The Colonial Melting Pot
Six very different people in a war of liberation
By T. H. Breen
December 4, 2017
Revolution Song: A Story of American Freedom by Russell Shorto; Norton, 640 pp., $28.95
Russell Shorto’s engaging new book appears at a moment when basic concepts of rights and equality are routinely disparaged. As if in response to our troubled political culture, he invites readers to return to the American Revolution to understand better how an 18th-century commitment to freedom took root and became a fundamental, unifying value in our nation’s history. The winning of independence, he notes, involved “a promise of freedom, and that promise was only partially fulfilled with the end of hostilities in 1783.” Indeed, Shorto argues, the original revolutionary demand for greater freedom continues to this day.
Even a gifted storyteller can find it hard to organize a coherent narrative around a belief in freedom. Put simply, during the Revolution, freedom lacked clear definition. The meaning of the term was almost always a matter of perspective, usually a product of an individual’s interaction with other people. One person’s sense of freedom often struck others as intolerable oppression. However well intended the appeal for freedom may have been, it generally exposed deep and enduring divisions over class, race, and gender. Slaveholders, for example, insisted that freedom was bound up with the ownership of property. Not surprisingly, slaves seldom shared that opinion.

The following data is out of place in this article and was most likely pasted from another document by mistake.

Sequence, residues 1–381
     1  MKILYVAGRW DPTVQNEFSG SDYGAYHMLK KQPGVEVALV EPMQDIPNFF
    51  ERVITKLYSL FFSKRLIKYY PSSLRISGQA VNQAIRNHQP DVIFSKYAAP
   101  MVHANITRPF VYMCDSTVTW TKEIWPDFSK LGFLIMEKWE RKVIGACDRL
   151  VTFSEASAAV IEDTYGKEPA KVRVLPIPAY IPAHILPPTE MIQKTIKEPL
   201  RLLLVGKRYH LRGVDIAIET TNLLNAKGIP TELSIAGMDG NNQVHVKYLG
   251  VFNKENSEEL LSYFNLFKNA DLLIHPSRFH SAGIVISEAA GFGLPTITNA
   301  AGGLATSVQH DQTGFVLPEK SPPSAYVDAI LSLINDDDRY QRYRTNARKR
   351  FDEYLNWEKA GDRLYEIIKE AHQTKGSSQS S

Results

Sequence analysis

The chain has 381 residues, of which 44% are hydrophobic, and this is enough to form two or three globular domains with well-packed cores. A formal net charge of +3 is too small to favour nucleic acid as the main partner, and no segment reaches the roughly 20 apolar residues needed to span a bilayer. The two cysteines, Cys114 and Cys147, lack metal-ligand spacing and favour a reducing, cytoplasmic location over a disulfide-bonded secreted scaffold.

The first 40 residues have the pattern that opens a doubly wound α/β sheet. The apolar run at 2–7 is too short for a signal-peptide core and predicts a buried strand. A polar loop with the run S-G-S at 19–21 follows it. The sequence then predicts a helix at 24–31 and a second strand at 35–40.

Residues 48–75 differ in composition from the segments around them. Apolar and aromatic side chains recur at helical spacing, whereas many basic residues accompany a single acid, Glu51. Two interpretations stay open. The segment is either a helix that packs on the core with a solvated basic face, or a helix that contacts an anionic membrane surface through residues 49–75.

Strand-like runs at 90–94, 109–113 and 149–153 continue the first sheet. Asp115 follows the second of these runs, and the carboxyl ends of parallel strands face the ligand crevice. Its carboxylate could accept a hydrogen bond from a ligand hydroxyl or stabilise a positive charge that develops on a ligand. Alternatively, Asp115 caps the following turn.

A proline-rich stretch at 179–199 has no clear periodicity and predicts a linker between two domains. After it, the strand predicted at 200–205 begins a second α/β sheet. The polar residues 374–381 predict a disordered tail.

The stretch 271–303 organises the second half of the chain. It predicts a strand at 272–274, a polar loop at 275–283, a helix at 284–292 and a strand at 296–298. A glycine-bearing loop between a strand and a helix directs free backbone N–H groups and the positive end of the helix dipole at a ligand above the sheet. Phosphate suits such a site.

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T. H. Breen is a James Marsh Professor at large at the University of Vermont. His most recent book is George Washington’s Journey: The President Forges a New Nation.